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Wärtsilä wins a clutch of ship design contracts

Written by Nick Blenkey

Wartsila Subsea7 DSVDECEMBER 19, 2012 — Wärtsilä Corporation today reported a clutch of ship design orders including a brand new VS 4725 design for a new diving support vessel (DSV) to be built for Subsea 7 at the Hyundai Heavy Industries (HHI) shipyard in Korea. Announcement of the DSV contract came within hours of the news that Wärtsilä is to supply China Oilfield Services Ltd (COSL) with the designs for six new ships, two Platform Supply Vessels (PSVs) and four Anchor Handling Tug Supply (AHTS) vessels, that will initially provide support operations in the South China Sea and Bohai Bay. ,


Scheduled for delivery in 2015, the Subsea 7 DSV (pictured at left) is intended for North Sea diving operations on a year round basis. In customizing the design for complex vessel, close co-operation between Subsea 7, HHI, Drass Energy, the diving equipment supplier, and was essential. The result, says Wärtsilä, is a state-of-the-art, technologically advanced vessel design that offers high safety and good working conditions to all personnel onboard, as well as safe and efficient operations in often challenging sea and weather conditions.

The DSV is to be equipped with the latest integrated diving equipment, while a three-split engine and propulsion configuration ensures the highest level of redundancy. Under this configuration, the systems relating to the generator sets, propulsion machinery, thrusters, electrical controls and all related auxiliary equipment, are divided into three sections. In addition to the redundancy, this also ensures a high ERN (Environmental Regularity Number) score, while limiting the failure risk. In a worst case failure scenario, most of the generator sets and thrusters will remain in operation.

“The operational profile of the vessel forms the basis for every Wärtsilä ship design,” says Riku-Pekka Hägg, Vice President Wärtsilä Ship Design. “By working closely with the owners and operators to reach a complete understanding of their needs, we can design vessels that are both economically and environmentally sound, but moreover, fulfils the demands and requirements of our clients. Our more than 50 years of experience provides, of course, a solid foundation for our design solutions, and working with highly professional partners, such as Subsea 7 and HHI, is always a pleasure.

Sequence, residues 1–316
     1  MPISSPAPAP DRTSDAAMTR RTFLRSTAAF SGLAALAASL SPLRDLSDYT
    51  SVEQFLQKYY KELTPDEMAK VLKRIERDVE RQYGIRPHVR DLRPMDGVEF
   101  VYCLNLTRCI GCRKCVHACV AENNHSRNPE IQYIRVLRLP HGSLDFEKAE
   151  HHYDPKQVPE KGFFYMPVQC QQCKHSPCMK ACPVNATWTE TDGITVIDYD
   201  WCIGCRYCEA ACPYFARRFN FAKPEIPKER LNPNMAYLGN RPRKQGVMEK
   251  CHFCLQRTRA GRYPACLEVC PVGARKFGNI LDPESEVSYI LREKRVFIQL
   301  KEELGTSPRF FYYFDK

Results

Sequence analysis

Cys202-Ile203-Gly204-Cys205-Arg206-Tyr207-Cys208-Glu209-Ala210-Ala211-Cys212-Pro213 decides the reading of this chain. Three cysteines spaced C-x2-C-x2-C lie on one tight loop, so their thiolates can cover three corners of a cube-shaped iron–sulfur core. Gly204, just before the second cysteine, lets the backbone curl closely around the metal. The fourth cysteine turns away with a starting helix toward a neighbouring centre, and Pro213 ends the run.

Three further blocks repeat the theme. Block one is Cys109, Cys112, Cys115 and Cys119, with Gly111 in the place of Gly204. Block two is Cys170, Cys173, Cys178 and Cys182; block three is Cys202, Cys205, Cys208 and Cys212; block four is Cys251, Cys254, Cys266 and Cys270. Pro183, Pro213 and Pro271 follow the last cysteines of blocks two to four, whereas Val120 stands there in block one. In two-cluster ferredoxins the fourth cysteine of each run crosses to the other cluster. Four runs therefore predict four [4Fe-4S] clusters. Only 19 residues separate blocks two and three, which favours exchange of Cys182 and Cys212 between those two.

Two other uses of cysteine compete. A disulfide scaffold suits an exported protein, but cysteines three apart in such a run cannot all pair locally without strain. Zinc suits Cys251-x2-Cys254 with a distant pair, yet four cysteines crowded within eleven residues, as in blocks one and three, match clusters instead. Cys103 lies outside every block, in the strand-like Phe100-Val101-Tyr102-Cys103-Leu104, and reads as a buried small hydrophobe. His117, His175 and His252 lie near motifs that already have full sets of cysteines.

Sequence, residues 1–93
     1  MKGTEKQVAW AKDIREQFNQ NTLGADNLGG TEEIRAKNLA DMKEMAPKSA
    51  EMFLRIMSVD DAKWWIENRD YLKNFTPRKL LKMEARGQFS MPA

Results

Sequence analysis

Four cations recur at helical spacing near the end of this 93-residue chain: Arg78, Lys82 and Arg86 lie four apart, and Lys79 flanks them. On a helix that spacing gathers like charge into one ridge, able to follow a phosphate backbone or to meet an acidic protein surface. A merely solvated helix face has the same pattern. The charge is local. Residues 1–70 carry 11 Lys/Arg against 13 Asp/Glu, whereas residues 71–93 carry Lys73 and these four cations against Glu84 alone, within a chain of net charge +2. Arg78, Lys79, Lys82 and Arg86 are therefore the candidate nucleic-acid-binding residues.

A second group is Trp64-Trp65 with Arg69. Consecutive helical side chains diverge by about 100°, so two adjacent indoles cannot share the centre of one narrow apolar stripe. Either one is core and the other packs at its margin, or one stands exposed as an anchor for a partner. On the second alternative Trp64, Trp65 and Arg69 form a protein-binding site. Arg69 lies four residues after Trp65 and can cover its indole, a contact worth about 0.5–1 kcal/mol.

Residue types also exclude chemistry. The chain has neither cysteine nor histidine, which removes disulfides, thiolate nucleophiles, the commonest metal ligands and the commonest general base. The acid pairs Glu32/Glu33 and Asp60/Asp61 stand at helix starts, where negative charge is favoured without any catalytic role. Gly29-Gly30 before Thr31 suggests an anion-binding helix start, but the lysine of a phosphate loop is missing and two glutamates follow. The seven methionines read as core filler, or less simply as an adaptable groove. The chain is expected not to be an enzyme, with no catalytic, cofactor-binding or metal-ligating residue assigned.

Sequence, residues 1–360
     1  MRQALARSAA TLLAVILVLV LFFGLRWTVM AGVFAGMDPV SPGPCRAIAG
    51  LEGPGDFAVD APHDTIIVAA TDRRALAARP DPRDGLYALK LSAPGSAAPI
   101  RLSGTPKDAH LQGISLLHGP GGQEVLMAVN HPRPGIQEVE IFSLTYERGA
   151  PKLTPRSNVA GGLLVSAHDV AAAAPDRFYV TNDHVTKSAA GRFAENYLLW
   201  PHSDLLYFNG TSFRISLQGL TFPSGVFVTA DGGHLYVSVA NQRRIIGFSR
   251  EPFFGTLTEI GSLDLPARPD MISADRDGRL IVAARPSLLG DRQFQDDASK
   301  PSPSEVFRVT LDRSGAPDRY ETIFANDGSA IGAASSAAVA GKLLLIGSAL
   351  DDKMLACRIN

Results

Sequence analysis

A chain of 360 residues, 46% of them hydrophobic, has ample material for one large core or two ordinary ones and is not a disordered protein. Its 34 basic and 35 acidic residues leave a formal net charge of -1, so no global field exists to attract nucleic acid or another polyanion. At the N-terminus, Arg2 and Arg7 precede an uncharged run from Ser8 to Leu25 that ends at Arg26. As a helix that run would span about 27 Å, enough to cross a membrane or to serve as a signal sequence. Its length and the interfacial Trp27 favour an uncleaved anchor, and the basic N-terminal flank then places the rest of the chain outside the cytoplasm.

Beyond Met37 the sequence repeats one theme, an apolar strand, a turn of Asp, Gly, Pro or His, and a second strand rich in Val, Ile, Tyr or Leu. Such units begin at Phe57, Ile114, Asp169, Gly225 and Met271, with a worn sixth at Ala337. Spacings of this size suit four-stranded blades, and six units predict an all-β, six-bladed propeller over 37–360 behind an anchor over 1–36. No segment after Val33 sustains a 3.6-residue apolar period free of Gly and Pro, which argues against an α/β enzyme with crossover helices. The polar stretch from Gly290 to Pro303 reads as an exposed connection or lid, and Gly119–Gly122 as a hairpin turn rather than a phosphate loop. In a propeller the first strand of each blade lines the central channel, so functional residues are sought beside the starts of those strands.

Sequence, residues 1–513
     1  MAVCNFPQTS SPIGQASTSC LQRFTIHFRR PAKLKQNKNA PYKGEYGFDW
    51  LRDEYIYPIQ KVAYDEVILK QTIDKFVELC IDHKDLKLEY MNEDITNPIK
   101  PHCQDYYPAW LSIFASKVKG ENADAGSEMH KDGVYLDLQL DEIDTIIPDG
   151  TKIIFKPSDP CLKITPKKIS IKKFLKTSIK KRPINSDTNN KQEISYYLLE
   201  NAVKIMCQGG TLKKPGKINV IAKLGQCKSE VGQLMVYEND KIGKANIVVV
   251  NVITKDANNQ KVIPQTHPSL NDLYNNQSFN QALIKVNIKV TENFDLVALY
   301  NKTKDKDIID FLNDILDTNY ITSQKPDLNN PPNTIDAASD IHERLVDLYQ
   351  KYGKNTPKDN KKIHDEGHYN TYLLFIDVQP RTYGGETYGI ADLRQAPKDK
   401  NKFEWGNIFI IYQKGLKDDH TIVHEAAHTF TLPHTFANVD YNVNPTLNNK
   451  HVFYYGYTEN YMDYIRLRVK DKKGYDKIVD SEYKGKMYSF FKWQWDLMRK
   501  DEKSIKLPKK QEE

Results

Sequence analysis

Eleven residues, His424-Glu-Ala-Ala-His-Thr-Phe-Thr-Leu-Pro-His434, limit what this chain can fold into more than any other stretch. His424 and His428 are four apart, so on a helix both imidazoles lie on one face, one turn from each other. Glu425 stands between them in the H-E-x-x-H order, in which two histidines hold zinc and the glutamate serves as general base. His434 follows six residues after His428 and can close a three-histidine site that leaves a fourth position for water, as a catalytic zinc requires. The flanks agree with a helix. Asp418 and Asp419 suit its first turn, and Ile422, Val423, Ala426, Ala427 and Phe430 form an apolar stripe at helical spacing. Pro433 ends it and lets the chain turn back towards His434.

“The development of the Wärtsilä VS 4725 DSV, the development of the dive system by Drass, and the overall design and building by HHI is the result of good co-operation between all the parties involved. Wärtsilä Ship Design’s willingness and ability to adapt to the specific requirements and standards needed were key considerations in the award of this contract,” said Stuart Smith, Vice President for Technology and Asset Development, Subsea 7.

Subsea 7 – VS 4725 DSV:

Length: 123 m
Breadth: 24 m
Depth: 10.5 m
Accommodations: 110 POB


The COSL PSVs are based on Wärtsilä Ship Design’s well proven VS 485 PSV MKIII design that offers a highly energy and environmentally efficient vessel solution with an optimized hull design for greater efficiency, with corresponding reduced emission to air.

The AHTS vessels are to be constructed according to the Wärtsilä Ship Design VS 4612 AHTS design. The primary function of AHTS vessels is to set anchors for drilling rigs, and tow mobile drilling rigs from one location to another. Since the sea and weather conditions in which these ships work is often extremely challenging, a design that offers reliability and high levels of efficiency and performance is called for.

“We have enjoyed many years of close co-operation with both COSL and its parent company, China National Offshore Oil Corporation, and they are very familiar with Wärtsilä’s broad range of solutions, including our ship designs, propulsion machinery, automation and control systems, and our environmental compliance solutions. Our values are also very much aligned, with both companies emphasizing total lifecycle costs, energy efficiency, and environmental sustainability,” says Riku-Pekka Hägg.


LOA 85.40 m
Beam 20.00 m
Depth 8.60 m
Deck 1000 cu.m

VS 4612 AHTS

LOA  74.10 m
Beam 18.00 m
Depth 7.50 m
Deck 560 cu.m
Bollard pull approx. 145 t

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